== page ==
De Leonism


De Leonism

De Leonism, occasionally known as Marxism-Deleonism, is a form of syndicalist Marxism developed by Daniel De Leon. De Leon was an early leader of the first United States socialist political party, the Socialist Labor Party of America.

De Leon combined the rising theories of syndicalism in his time with orthodox Marxism. According to De Leonist theory, militant industrial unions (specialized trade unions) are the vehicle of class struggle. Industrial Unions serving the interests of the proletariat (working class) will bring about the change needed to establish a socialist system. The only way this differs from some currents in anarcho-syndicalism is that, according to De Leonist thinking, a revolutionary political party is also necessary to fight for the proletariat on the political field.

Contents

Tactics

According to the De Leonist theory, workers would simultaneously form Socialist Industrial Unions in the workplaces, and a socialist political party which would organize in the political realm. Upon achieving sufficient support for a victory at the polls, the political party would be voted into office, giving the De Leonist program a mandate from the people. It is assumed that at that point, the Socialist Industrial Unions will have attained sufficient strength in the workplaces for workers there to take control of the means of production.

The De Leonist victory at the polls would be accompanied by a transfer of control of the factories, mines, farms and other means of production to workers councils organized within the industrial unions. De Leonists distinguish this event from the general strike to take control of the workplaces advocated by anarcho-syndicalists, and refer to it instead as a general lockout of the ruling class.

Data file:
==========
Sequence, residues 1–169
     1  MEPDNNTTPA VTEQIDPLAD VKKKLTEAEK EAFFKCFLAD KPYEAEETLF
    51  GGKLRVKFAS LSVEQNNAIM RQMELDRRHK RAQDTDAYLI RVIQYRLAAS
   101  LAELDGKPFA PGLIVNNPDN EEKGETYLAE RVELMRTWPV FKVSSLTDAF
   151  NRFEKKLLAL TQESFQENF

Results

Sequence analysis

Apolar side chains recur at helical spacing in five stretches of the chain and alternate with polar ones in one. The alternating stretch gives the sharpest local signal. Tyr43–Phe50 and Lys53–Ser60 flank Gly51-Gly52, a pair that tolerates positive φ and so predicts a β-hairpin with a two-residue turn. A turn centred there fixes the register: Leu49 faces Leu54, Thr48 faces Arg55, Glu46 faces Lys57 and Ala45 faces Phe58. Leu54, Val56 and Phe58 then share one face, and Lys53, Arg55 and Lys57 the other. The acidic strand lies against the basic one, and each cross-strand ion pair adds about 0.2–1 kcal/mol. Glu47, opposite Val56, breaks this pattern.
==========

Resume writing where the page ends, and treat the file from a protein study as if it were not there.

The existing government would then be replaced with a government elected from within the Socialist Industrial Unions, and the newly elected socialist government would quickly enact whatever constitutional amendments or other changes in the structure of government needed to bring this about, adjourning "sine die". Workers on the shop floor would elect local shop floor committees needed to continue production, and representatives to local and national councils representing their particular industry.

Workers would also elect representatives to a central congress, called an All-Industrial Congress, which would effectively function as the national government. These representatives would be subject to a recall vote at any time. De Leonism would thus reorganize the national government along industrial lines with representatives elected by industry, not by geographic location.

Comparison to other forms of socialism